Nun-like in her robes of indigo,
the violet may well have taken the vow.
(Melinda Smith, ‘Safina. I. Rabi’a. I watch him pass below my window’, Southerly 76.3)
The memorable image of butterflies dying to become brown leaves evokes both our sense of being late to experience―of missing out―as well as the limits placed on our ability to fully comprehend experience.
(Darius Sepehri, ‘Judith Wright’s The Shadow of Fire and making the ghazal appropriate for Australia’, Southerly 76.3)
Bound in green leather, the book looks like a rare first edition with flaking gold writing on the spine and vanilla pages.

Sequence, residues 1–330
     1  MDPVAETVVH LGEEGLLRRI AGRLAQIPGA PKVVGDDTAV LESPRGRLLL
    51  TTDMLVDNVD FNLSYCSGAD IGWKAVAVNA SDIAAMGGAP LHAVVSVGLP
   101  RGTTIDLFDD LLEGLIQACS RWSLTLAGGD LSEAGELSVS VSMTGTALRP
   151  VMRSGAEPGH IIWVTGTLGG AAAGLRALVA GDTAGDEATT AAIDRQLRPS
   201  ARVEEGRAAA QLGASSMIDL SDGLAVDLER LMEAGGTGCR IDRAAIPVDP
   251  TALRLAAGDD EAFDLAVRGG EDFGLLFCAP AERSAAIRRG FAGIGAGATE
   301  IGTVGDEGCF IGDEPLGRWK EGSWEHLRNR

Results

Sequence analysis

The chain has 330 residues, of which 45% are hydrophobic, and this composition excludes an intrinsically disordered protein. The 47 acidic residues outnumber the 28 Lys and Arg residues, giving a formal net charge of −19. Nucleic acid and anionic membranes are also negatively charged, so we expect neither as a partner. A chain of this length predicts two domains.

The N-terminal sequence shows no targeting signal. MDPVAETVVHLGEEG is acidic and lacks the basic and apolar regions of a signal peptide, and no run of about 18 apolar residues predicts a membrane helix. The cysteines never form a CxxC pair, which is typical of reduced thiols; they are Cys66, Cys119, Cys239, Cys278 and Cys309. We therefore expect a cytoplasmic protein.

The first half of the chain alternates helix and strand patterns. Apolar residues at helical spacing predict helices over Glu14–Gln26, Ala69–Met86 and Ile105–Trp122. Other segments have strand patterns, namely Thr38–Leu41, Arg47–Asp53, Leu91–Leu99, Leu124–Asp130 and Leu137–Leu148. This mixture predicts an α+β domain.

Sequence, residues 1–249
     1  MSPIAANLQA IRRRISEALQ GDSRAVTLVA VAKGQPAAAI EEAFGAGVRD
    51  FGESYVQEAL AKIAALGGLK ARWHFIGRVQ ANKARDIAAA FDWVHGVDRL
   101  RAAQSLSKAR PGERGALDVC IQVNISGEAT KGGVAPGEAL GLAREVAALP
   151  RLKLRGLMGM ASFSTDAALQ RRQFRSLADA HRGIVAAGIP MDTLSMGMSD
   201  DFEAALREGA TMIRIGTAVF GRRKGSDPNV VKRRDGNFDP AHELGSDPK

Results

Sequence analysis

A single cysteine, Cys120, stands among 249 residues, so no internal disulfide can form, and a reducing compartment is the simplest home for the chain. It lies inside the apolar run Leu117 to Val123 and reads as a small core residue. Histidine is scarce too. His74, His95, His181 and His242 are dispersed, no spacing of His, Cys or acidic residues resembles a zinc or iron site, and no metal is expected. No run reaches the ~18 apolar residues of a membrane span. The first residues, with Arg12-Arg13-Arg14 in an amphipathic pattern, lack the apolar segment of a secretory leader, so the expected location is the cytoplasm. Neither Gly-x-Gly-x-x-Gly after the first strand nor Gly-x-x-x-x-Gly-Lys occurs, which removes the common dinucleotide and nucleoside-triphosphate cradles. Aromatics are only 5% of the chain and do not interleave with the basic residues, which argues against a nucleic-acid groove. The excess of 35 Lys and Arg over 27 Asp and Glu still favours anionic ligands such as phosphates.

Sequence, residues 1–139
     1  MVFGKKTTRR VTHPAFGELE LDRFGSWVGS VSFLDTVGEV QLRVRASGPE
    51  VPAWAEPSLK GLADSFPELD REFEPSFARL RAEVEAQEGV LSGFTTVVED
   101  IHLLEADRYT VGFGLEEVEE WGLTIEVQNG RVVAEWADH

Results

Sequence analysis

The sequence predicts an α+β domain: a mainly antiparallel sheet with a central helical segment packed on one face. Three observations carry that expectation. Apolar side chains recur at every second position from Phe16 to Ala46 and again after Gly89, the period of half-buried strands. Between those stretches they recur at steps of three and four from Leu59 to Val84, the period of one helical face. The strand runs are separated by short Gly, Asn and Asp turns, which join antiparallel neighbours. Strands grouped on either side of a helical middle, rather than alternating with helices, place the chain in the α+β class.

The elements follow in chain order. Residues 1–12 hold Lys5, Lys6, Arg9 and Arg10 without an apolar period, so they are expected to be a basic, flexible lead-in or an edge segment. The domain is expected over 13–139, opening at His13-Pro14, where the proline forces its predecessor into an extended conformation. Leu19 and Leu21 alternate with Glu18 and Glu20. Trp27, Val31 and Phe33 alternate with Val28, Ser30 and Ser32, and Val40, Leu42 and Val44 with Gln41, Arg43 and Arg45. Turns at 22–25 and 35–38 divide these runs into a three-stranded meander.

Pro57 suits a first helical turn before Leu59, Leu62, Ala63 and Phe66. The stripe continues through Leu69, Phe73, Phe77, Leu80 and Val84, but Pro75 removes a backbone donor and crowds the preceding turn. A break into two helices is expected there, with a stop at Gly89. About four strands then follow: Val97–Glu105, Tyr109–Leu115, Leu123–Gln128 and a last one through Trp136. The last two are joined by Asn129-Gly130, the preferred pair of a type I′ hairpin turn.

(Cassandra Atherton, ‘The live sparrow of translation’, Southerly 76.3)
oh how small the world is!
you’re just moving
from one shore of the Pacific to the other
stones are the same stones
the moon is the same moon
as is the orange melancholy of sycamore leaves
(Zahra Taheri, ‘Rainless may’, tr. Bijan Mottahedeh, Southerly 76.3)
That he was able to express himself in a language not his own was deeply impressive to me, though I never admitted that to him; I just covered his pages in small red marks.
(Adele Dumont, ‛This is not a conversation about asylum seekers’, Southerly 76.3)
As Jean-Martin Charcot perceived over a century ago (1889: 382), “hystero-traumatic” symptoms may be related to an invisible yet actual brain process, “a dynamic lesion affecting the motor and sensory zones of the grey cortex of the brain.”
(Josephine Taylor, ‘Mark my words’, Southerly, 76.2)